LIFE&STYLE

[Herald Interview] ‘Saving a COVID-19 patient’s life takes teamwork’

By Kim Arin
  • Published : Jul 13, 2020 - 19:36
  • Updated : Jul 13, 2020 - 19:39

Photo shows team of medics who treated Korea’s first ever COVID-19 survivor to receive a double lung transplant. (Photo courtesy of Hallym University Medical Center)

Last month, a South Korean COVID-19 survivor underwent a double-lung transplant that ended up saving her life -- a procedure that is the first of its kind in the country and only the ninth worldwide since the outbreak began. Behind her monthslong recovery and the eventual transplant are a squad of doctors and nurses who say coronavirus survival takes team effort.

When the 50-year-old woman arrived at the emergency room of the Hallym University Medical Center in Anyang, Gyeonggi Province, in late February, she was already struggling to breathe. She had to be mechanically ventilated within hours of hospitalization and then spent a record 112 days on a type of life support machine known as ECMO -- the longest any COVID-19 patient had stayed on the device.

“ECMO support generally lasts up to two to three weeks. Long-term use can increase chances of infections and other complications,” said pulmonologist Dr. Park Sung-hoon who treated the patient.

Keeping ECMO going on a patient requires round-the-clock observation by experienced personnel, according to head nurse Lee Sun-hee at the hospital’s ECMO center. 

Lee, who is among the handful of ECMO specialists in the country, said a team of three nurses were constantly by the patient’s side to make sure she was comfortable and more importantly, the device was not causing complications such as bleeding.

“ECMO machines can save COVID-19 patients’ lives. And they need to be operated by trained health care workers,” she said.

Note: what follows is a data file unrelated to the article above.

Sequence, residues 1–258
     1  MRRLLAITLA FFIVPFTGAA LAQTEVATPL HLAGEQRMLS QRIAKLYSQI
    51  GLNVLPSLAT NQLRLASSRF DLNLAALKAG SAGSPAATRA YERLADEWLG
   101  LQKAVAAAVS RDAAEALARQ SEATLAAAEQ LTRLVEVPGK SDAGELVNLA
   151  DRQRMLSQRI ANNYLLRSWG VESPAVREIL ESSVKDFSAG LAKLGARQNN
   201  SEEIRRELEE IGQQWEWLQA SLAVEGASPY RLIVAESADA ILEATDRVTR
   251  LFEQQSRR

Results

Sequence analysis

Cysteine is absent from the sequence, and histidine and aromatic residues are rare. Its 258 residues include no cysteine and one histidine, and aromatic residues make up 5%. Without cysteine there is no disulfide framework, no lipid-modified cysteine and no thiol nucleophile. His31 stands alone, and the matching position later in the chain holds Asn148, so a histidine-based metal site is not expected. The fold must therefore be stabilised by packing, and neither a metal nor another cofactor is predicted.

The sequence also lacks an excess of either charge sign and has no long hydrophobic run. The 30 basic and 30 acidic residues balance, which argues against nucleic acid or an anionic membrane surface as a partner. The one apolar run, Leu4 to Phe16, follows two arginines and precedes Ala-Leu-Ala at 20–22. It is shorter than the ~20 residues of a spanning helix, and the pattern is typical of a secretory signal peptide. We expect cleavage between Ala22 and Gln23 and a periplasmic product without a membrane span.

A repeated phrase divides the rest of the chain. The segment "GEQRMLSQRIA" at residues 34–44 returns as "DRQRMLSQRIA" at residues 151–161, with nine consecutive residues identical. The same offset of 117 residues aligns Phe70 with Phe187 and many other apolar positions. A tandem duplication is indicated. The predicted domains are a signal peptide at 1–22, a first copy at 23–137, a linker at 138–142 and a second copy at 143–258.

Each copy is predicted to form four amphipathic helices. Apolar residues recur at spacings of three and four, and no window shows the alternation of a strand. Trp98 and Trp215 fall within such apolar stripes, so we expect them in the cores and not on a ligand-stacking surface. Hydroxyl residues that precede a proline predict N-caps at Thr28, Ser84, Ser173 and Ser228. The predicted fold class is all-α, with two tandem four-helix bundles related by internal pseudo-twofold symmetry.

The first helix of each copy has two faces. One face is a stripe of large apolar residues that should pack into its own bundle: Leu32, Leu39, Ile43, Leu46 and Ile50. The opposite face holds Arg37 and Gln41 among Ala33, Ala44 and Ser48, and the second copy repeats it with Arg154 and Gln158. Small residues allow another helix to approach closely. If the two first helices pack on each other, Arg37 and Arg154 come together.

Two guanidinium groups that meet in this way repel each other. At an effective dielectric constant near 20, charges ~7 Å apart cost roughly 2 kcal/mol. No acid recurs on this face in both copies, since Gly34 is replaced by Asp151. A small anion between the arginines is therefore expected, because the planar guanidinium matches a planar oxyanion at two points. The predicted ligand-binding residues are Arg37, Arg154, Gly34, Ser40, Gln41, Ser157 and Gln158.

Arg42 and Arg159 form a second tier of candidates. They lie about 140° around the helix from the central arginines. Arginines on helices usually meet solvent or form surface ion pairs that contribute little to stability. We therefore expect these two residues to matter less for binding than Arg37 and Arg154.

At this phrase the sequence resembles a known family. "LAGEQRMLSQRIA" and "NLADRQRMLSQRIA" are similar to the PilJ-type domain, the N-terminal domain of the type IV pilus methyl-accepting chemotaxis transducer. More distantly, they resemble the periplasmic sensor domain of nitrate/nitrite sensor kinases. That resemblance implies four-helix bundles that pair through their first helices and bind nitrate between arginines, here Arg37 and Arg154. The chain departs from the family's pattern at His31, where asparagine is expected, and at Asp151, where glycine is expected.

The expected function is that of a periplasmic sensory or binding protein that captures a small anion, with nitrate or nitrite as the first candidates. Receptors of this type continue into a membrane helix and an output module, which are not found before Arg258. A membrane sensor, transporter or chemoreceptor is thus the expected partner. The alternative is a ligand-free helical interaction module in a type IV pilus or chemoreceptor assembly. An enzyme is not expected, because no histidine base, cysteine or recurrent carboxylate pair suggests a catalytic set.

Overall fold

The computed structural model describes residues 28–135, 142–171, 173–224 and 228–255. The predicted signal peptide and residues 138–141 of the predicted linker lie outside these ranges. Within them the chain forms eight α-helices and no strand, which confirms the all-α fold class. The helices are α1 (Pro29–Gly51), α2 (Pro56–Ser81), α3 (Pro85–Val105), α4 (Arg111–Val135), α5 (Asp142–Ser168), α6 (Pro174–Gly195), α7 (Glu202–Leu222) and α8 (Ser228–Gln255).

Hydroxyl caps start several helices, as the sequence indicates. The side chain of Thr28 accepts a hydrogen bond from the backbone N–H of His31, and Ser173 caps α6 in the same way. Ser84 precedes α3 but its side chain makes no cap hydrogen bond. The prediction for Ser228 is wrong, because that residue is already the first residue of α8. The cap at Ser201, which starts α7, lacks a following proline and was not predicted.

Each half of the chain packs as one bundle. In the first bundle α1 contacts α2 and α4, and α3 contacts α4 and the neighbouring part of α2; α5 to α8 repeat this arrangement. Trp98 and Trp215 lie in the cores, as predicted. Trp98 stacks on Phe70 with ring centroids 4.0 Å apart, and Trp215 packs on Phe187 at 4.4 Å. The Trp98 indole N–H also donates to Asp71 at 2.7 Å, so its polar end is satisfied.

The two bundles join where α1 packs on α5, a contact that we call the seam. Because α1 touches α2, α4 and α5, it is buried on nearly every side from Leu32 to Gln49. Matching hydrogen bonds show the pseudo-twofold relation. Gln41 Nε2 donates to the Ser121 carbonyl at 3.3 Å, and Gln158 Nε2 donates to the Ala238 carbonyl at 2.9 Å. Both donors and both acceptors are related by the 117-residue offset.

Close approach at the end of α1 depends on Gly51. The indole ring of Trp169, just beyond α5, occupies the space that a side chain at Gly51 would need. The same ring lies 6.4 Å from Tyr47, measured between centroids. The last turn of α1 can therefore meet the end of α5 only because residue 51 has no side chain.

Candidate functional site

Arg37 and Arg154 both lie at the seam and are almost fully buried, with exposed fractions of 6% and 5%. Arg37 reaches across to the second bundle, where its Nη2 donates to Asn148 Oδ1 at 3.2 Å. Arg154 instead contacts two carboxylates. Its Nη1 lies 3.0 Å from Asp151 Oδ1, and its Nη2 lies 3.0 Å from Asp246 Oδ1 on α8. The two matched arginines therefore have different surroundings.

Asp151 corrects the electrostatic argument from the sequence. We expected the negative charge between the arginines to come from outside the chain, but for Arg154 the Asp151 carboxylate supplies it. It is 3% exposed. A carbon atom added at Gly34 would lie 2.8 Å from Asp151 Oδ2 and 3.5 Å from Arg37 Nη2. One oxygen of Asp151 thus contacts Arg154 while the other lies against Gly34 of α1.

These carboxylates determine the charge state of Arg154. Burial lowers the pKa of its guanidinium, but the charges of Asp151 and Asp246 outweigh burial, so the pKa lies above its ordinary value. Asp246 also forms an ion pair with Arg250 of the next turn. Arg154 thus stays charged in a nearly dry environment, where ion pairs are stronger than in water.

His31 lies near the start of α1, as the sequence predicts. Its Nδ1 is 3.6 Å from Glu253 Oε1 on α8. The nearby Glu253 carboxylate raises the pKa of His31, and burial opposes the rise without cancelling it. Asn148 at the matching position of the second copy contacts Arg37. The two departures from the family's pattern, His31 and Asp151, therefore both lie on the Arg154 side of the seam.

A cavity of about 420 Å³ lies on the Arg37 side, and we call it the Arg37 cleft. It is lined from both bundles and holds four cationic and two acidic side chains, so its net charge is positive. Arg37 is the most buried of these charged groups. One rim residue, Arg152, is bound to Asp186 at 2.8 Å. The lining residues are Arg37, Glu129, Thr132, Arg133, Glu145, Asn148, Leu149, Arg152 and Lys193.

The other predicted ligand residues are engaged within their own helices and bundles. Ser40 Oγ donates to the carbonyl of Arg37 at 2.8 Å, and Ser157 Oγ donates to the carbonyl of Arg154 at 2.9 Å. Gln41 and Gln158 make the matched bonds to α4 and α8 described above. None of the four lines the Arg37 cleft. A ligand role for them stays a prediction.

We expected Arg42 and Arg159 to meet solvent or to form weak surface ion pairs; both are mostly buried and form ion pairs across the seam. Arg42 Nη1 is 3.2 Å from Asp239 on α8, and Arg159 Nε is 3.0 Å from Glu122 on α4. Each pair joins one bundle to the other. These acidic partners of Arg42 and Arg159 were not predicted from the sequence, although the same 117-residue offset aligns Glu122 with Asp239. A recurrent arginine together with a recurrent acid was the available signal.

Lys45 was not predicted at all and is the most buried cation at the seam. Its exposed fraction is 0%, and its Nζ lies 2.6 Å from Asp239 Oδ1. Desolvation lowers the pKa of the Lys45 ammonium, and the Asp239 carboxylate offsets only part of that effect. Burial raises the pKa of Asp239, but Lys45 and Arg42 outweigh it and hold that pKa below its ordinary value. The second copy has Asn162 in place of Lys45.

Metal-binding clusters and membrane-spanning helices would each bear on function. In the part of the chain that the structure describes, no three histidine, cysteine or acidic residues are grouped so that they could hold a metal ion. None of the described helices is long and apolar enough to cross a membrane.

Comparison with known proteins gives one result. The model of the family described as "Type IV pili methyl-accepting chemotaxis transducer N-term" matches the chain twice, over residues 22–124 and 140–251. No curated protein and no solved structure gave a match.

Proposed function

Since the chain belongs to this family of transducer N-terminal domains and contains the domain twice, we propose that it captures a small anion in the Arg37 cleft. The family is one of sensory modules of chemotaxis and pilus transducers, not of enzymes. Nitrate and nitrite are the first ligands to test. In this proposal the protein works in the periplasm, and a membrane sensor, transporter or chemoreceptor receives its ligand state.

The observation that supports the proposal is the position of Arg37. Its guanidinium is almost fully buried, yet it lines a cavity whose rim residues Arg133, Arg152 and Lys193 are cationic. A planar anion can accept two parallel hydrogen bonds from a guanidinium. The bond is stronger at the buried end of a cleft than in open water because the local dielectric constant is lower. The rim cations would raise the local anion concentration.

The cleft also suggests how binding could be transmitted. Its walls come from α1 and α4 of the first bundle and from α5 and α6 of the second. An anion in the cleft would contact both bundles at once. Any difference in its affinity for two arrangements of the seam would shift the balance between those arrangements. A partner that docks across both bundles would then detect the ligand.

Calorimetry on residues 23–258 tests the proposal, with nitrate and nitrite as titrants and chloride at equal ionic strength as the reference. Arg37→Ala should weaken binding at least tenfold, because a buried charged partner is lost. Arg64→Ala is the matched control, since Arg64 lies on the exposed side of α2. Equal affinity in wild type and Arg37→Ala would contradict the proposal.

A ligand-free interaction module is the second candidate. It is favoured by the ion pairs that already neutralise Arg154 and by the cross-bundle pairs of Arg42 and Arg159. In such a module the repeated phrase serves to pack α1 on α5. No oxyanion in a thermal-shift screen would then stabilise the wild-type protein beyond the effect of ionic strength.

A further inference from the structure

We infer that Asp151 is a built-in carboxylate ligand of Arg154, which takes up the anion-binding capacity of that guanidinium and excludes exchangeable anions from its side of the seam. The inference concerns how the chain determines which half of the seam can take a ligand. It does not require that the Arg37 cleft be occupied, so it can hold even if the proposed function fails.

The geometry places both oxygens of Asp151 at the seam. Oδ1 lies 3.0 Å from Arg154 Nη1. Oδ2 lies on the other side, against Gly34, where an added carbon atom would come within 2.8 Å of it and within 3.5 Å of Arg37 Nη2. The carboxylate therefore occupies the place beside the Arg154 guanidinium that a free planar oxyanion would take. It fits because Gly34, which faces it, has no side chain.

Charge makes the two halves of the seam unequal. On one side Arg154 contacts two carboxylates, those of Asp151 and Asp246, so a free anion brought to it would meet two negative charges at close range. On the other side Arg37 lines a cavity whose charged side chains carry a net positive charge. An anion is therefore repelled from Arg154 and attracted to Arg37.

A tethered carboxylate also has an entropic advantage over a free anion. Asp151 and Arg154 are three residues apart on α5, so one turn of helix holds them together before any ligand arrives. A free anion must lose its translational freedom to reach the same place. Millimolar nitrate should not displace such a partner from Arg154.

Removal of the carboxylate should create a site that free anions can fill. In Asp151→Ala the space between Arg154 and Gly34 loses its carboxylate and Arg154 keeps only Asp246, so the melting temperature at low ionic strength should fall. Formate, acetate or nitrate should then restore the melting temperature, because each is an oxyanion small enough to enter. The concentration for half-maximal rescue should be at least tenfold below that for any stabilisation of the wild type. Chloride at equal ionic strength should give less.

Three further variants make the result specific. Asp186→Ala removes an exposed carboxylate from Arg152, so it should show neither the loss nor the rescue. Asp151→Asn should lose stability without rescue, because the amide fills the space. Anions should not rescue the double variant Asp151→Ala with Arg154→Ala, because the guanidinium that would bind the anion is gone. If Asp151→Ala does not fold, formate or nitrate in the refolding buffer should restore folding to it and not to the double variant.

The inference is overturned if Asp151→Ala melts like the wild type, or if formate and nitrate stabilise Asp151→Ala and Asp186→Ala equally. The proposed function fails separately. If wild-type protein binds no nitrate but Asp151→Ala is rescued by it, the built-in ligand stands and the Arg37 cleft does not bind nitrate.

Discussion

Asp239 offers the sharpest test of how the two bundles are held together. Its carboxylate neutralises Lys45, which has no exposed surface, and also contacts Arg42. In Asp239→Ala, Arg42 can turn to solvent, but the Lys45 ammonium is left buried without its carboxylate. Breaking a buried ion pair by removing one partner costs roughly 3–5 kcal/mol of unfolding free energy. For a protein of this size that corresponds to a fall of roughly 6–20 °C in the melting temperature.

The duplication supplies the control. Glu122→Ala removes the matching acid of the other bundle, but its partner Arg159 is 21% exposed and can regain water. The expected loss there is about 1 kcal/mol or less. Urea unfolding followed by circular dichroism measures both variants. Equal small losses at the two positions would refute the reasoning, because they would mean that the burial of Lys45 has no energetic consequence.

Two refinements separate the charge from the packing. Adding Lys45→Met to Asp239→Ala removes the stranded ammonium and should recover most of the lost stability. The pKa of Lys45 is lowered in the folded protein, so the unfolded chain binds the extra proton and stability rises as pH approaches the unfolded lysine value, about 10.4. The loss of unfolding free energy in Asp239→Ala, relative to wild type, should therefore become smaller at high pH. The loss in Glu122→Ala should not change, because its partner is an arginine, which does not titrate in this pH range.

Park said prior to the patient’s diagnosis with the disease, she was healthy and without comorbidities, and that such degree of severity is not that common in her age group.

“This goes to show being out of the typical range of COVID-19 at-risk group is no guarantee you won’t be severely affected,” he said.

He said before she was placed on ECMO, she was treated with steroids, anti-malarial hydroxychloroquine and HIV therapy Kaletra but to no avail. She had to remain in critical care long after the virus left her body. Her chest scans demonstrated worsening pulmonary fibrosis or lung scarring.

“About seven weeks into treatment, we decided a lung transplant may be necessary to save her,” he said.

Heart surgeon Dr. Kim Hyoung-soo who led the surgery said her lungs had suffered irreversible damage, and that she would not have survived without the transplant.

He added that it would still take a couple of months until her chest muscles regain strength to enable her to breathe without assistance.

“In the intensive care unit, each battle is fought in teams of dedicated care givers and experts and this kind of concentrated effort is imperative in helping patients overcome COVID-19. This is not feasible when hospitals are overburdened,” he said.

By Kim Arin (arin@heraldcorp.com)